Skip to main content
  • Research article
  • Open access
  • Published:

Combination therapy of brain radiotherapy and EGFR-TKIs is more effective than TKIs alone for EGFR-mutant lung adenocarcinoma patients with asymptomatic brain metastasis



The treatment strategy for brain metastasis (BM) in patients with epidermal growth factor receptor (EGFR) -mutant lung adenocarcinoma (LAC) remains controversial. In the present study, we compared the efficacy of brain radiotherapy (RT) in combination with tyrosine kinase inhibitors (TKIs) and TKIs alone for advanced LAC patients with EGFR mutations and BM.


We retrospectively studied 78 patients diagnosed with EGFR-mutant LAC who developed BM. These patients were divided into two groups: 49 patients in the combination treatment group who received brain RT in combination with EGFR-TKIs (including 23 patients with asymptomatic BM before RT); 29 patients in the TKI group who received EGFR-TKI targeted therapy alone (including 22 patients with asymptomatic BM before TKI treatment).


The median intracranial progression-free survival (iPFS) of the combination treatment group was longer than that of the TKI alone group (21.5 vs. 15 months; P = 0.036). However, there were no significant differences in median progression-free survival (PFS, 12 vs. 13 months; P = 0.242) and median overall survival (mOS, 36 vs. 23 months; P = 0.363) between the two groups. Further analysis of asymptomatic BM showed that both the median iPFS and the mOS of the combination treatment group were significantly longer than for the TKI alone group (iPFS, 21.5 vs. 14.8 months, P = 0.026; mOS, 36 vs. 23 months, P = 0.041). Cox multivariate regression analysis found no independent adverse predictors of iPFS in all patients.


The synchronous combination of brain RT and TKIs was superior to EGFR-TKIs alone for EGFR-mutant LAC patients with BM. The combination treatment group exhibited longer iPFS, while the PFS and OS were not significantly different between the two groups. In addition, the combination treatment could result in better iPFS and OS in those with asymptomatic BM. Therefore, addition of brain RT was useful for intracranial metastatic lesions.

Peer Review reports


An estimated 18.1 million new cases of cancer and 9.6 million cancer-related deaths occurred as of 2018 [1]. Lung cancer is the most commonly diagnosed cancer (11.6%) and also the leading cause of cancer-related death (18.4% of all cancer deaths) [1]. During the course of the disease, 22–54% of non-small-cell lung carcinoma (NSCLC) patients develop brain metastasis (BM) [2] [3]. Studies have shown that the incidence of BM in lung adenocarcinoma (LAC) is higher than that in other subtypes of NSCLC. About 45–52% of LAC patients develop BM during the course of the disease [4]. BM is a common complication in LAC patients and an important cause of morbidity and mortality [5]. In general, the prognosis of patients with BM still remains poor. The epidermal growth factor receptor (EGFR) gene plays a critical role in regulating normal cell proliferation, apoptosis, and other cellular roles [6, 7]. Studies have shown that EGFR mutation is significantly associated with the risk of BM after initial diagnosis and radical resection of LAC [8]. Patients with EGFR mutations are more vulnerable to BM than those with wild-type EGFR. At initial diagnosis [9], BM is found in approximately 25% of patients with EGFR mutations. Therefore, it is urgently necessary to develop reasonable and effective treatments to address this.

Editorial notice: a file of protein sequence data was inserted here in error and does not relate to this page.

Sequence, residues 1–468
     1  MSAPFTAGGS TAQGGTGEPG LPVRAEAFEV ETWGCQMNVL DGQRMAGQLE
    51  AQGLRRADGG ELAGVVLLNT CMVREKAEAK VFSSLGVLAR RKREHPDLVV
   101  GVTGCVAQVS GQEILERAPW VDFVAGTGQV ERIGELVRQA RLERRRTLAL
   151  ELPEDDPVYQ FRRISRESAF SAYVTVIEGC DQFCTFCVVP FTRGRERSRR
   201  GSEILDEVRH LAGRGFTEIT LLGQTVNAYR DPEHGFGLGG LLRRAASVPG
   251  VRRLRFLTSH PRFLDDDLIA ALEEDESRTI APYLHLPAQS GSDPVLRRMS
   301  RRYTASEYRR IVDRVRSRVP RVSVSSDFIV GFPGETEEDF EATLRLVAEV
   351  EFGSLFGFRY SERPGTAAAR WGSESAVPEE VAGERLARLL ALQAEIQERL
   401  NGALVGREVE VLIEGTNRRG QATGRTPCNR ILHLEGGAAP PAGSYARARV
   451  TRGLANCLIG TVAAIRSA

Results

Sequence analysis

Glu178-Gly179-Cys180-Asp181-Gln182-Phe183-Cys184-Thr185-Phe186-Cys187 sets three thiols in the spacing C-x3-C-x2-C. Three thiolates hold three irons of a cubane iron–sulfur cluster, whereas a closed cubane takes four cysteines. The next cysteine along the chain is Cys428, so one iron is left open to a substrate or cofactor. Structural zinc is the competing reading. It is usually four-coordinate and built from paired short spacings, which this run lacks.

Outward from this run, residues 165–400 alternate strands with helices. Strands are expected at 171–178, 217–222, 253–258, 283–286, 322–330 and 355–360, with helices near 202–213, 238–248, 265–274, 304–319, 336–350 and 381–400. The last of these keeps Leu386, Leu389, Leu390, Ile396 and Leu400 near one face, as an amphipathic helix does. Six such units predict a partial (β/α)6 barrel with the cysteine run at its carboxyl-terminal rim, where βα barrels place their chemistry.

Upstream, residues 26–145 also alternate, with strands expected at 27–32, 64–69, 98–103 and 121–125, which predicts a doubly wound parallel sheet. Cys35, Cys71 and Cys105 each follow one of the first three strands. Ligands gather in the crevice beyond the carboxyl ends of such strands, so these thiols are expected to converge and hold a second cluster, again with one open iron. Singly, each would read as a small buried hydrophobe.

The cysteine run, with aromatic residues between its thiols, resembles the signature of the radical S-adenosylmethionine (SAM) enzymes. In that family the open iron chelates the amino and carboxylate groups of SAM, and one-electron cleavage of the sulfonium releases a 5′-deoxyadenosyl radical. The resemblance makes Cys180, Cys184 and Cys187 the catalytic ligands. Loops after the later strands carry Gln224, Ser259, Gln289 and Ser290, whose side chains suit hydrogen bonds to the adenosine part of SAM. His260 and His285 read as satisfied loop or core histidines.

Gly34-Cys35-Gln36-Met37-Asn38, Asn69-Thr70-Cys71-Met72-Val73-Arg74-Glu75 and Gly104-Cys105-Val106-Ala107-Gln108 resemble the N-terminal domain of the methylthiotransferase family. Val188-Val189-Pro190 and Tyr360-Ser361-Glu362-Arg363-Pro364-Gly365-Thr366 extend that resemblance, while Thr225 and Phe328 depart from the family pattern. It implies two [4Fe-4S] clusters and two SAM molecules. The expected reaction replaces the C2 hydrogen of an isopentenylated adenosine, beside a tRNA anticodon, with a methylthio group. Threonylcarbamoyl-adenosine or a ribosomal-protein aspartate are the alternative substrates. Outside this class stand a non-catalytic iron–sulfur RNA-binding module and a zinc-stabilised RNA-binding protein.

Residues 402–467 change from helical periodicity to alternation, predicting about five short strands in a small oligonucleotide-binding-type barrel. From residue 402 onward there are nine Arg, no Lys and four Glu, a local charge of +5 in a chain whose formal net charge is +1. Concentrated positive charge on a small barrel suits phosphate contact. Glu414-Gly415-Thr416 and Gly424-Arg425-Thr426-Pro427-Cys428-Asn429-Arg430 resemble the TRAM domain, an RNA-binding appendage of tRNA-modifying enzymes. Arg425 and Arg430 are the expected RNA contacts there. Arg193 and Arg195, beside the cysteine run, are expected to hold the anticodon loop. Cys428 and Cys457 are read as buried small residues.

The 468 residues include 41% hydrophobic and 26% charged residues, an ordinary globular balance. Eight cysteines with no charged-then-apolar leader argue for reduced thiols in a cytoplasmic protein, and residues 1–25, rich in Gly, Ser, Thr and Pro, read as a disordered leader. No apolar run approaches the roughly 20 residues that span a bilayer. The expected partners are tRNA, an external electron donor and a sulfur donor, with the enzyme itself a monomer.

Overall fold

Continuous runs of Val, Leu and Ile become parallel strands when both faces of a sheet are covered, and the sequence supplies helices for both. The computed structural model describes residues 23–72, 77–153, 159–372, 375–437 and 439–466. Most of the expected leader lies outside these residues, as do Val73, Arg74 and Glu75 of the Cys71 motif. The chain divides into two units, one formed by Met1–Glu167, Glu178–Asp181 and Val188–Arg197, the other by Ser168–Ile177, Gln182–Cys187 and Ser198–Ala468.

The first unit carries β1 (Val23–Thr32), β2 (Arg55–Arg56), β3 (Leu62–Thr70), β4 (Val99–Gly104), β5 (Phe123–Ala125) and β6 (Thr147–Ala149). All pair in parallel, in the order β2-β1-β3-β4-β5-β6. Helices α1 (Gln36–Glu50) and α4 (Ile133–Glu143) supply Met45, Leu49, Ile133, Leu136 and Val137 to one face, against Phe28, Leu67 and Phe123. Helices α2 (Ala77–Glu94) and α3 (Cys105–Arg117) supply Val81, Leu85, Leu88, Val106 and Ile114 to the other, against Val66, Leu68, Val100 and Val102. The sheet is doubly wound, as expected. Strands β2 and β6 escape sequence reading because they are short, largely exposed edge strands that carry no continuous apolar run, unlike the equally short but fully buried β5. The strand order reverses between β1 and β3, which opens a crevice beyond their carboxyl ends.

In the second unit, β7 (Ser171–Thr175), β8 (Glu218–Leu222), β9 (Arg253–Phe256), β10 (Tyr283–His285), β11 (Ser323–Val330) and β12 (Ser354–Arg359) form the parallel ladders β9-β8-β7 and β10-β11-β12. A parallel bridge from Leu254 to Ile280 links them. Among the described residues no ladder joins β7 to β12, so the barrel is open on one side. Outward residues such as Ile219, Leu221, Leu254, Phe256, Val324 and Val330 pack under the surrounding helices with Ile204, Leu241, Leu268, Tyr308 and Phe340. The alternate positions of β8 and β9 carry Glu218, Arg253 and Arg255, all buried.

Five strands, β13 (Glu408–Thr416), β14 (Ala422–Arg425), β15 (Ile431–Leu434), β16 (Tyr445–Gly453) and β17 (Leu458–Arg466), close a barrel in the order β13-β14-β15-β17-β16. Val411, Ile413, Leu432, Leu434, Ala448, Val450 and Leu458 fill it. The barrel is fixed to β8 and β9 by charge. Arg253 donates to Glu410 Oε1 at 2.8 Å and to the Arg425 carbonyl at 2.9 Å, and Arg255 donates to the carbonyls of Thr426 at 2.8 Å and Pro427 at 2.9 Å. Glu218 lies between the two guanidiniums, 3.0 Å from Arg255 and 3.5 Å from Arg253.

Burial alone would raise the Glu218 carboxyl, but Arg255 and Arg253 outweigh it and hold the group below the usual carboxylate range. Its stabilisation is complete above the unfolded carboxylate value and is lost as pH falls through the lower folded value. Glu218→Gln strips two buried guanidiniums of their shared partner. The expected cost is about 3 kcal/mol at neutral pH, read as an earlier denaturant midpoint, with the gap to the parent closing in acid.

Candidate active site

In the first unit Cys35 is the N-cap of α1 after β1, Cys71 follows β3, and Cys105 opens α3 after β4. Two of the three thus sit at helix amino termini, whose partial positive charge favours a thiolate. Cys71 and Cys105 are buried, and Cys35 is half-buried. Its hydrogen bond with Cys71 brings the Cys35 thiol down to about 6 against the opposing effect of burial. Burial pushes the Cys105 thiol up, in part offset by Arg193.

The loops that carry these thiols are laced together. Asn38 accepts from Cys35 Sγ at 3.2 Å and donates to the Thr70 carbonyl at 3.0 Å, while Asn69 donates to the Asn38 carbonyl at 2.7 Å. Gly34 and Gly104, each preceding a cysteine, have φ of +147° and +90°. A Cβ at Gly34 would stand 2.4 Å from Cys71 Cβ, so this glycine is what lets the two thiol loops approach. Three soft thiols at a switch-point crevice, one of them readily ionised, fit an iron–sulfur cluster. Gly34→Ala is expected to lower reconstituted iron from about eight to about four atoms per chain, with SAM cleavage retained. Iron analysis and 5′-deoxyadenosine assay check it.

The development of radiotherapy (RT) and targeted therapy, and particularly, the combination of RT and targeted therapy, in recent years, has greatly prolonged the median overall survival (OS) and median progression-free survival (PFS) for NSCLC patients with BM [10]. For EGFR-mutant NSCLC patients with BM, tyrosine kinase inhibitors (TKIs) can effectively control intracranial position of the disease [11]. Brain RT can also effectively control intracranial lesions [12]. Based on the advantages of these individual treatments, we posited that a combination therapy might be effective. However, based on currently available data, the efficacy of such a combination remains controversial. Some studies have shown that brain RT in combination with EGFR-TKIs is more effective than TKIs alone [13]. However, other studies have shown that TKIs in combination with RT has no beneficial effects on intracranial PFS (iPFS) or OS [14].

Furthermore, patients with BM but no intracranial symptoms do not require immediate relief, and suitable treatment options are still disputed. EGFR-TKIs have been used for the treatment of asymptomatic BM. However, only a few studies have assessed the effects of EGFR-TKIs in combination with RT. In the present study, we aimed to explore whether combination therapy of TKIs and RT could benefit asymptomatic BM.

We retrospectively evaluated the efficacy of combination therapy and TKIs alone in the treatment of LAC patients with BM and EGFR mutations. We also evaluated the efficacy of these two therapeutic regimens in asymptomatic BM.